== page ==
Speaking with these types of people was also very impactful for me in how I move forward with my Division III. In our Hampshire bubble, it is sometimes very easy to block out Trump supporters and ignore this type of hate that exists in the world. At Senator Warren’s office I had to speak to Trump supporters every single day. In moving forward with my academic work, it is very important for me to stop thinking about Trump supporters as so distant, but really start recognizing how close they are to my own life and communities. For my Division III, I plan to interview white women who voted for Trump, and I believe that listening to these folks on the phone for five months has prepared me well to consider how to critically engage, without seeing messages of hate and intolerance as ethically neutral. If white women see voting for Trump as voting for their own self-interest, what is that self-interest really protecting? My research will allow me to ask the questions I wasn’t allowed to ask in my role as a congressional intern, questions I believe we must ask if we want to make politics relevant for the future we want to build beyond Trump.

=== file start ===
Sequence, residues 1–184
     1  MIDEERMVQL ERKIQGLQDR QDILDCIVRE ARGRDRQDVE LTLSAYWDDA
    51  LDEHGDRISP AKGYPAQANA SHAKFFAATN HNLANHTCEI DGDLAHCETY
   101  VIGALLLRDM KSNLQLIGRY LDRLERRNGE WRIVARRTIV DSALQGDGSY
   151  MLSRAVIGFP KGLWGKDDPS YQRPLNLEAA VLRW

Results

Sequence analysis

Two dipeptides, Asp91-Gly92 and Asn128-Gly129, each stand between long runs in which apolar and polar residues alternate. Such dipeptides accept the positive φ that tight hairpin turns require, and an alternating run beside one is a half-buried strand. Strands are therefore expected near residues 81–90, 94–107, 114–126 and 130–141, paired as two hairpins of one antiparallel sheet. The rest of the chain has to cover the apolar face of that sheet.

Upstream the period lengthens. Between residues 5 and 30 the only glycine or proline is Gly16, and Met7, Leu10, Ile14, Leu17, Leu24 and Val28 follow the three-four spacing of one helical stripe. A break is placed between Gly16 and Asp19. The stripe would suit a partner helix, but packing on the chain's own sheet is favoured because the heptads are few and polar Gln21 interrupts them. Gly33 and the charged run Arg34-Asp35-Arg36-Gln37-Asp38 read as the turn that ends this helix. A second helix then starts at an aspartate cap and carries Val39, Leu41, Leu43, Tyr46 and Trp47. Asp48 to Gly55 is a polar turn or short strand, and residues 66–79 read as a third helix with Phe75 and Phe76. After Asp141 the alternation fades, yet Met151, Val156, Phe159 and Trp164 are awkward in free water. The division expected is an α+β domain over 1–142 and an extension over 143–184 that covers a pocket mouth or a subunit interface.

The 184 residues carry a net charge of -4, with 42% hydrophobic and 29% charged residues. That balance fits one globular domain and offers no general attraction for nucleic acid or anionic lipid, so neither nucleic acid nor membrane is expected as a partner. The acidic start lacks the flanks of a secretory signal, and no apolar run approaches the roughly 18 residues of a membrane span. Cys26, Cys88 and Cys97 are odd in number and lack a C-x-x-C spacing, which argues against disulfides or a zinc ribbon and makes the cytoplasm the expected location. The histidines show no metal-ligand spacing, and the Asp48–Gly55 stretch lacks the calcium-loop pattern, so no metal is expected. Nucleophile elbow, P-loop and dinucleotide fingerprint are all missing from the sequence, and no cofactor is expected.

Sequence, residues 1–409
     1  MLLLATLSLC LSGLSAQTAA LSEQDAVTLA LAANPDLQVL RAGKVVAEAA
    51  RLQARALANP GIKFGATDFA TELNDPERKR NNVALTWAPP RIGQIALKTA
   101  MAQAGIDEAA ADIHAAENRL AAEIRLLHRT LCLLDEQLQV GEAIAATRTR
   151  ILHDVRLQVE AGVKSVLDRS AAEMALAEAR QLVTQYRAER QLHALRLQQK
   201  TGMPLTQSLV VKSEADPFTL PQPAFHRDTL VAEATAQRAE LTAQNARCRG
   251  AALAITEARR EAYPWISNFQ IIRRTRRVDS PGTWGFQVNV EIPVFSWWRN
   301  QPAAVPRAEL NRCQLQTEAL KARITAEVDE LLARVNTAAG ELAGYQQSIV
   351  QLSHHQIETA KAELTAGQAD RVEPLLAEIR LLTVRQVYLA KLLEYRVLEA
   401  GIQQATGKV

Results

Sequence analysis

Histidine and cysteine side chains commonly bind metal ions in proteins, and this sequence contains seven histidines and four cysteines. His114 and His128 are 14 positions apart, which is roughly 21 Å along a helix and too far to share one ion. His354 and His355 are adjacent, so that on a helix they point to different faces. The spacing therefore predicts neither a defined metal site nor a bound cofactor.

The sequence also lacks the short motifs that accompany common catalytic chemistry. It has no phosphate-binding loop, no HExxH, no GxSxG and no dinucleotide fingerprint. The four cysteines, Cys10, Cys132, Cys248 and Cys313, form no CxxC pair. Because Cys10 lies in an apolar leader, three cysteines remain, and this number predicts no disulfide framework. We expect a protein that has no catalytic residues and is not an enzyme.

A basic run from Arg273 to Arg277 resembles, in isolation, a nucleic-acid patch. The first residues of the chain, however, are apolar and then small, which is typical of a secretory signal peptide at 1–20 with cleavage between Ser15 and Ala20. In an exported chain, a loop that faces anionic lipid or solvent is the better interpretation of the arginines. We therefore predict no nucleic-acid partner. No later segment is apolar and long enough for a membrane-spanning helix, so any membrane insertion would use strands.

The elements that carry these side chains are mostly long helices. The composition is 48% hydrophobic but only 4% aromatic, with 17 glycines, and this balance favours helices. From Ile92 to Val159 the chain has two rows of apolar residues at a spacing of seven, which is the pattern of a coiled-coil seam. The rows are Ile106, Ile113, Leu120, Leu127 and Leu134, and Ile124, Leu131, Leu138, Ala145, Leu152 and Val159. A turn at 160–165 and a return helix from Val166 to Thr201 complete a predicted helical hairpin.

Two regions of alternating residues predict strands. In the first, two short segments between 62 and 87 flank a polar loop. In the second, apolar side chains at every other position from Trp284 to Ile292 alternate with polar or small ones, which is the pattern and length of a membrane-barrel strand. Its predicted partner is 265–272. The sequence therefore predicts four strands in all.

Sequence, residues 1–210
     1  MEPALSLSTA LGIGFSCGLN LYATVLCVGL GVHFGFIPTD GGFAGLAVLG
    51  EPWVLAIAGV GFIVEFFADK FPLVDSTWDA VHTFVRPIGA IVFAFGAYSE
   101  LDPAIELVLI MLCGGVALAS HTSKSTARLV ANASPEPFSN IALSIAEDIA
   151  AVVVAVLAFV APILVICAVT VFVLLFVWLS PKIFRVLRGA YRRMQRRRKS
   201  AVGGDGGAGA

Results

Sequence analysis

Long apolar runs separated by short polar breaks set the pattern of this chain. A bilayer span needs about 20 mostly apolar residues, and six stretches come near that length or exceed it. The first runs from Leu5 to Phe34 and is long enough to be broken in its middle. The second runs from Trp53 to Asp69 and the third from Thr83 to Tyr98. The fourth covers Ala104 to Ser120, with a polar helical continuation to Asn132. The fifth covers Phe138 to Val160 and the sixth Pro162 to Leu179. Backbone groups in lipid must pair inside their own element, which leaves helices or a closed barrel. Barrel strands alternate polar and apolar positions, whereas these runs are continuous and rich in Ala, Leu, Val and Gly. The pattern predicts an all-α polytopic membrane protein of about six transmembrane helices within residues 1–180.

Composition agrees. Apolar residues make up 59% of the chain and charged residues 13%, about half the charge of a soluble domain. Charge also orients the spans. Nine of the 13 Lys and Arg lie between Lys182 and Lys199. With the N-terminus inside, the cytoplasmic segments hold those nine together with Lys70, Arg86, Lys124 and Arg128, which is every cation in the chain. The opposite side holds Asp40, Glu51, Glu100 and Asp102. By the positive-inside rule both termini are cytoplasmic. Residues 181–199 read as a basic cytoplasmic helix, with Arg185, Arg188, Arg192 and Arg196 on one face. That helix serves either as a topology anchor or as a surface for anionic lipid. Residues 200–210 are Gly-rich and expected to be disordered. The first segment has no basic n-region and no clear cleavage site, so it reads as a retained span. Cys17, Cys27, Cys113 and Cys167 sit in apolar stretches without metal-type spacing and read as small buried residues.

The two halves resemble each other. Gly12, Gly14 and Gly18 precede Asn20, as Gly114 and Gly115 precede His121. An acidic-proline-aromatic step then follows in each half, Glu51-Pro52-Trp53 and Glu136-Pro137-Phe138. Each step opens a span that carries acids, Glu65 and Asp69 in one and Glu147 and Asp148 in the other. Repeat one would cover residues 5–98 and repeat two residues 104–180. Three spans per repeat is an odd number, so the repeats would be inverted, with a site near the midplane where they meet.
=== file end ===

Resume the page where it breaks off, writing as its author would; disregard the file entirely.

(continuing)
Olivia Brochu is a fourth-year student studying political science and public policy with a focus in immigration and women’s studies. She is particularly interested in the legislative process and the use of storytelling in policy making, and strategies for constructively engaging with those whose political opinions reject one’s own values and core beliefs. She currently works as the policy intern at the Scholars Strategy Network in Cambridge, writes music, and is a lover of alpacas and pilates.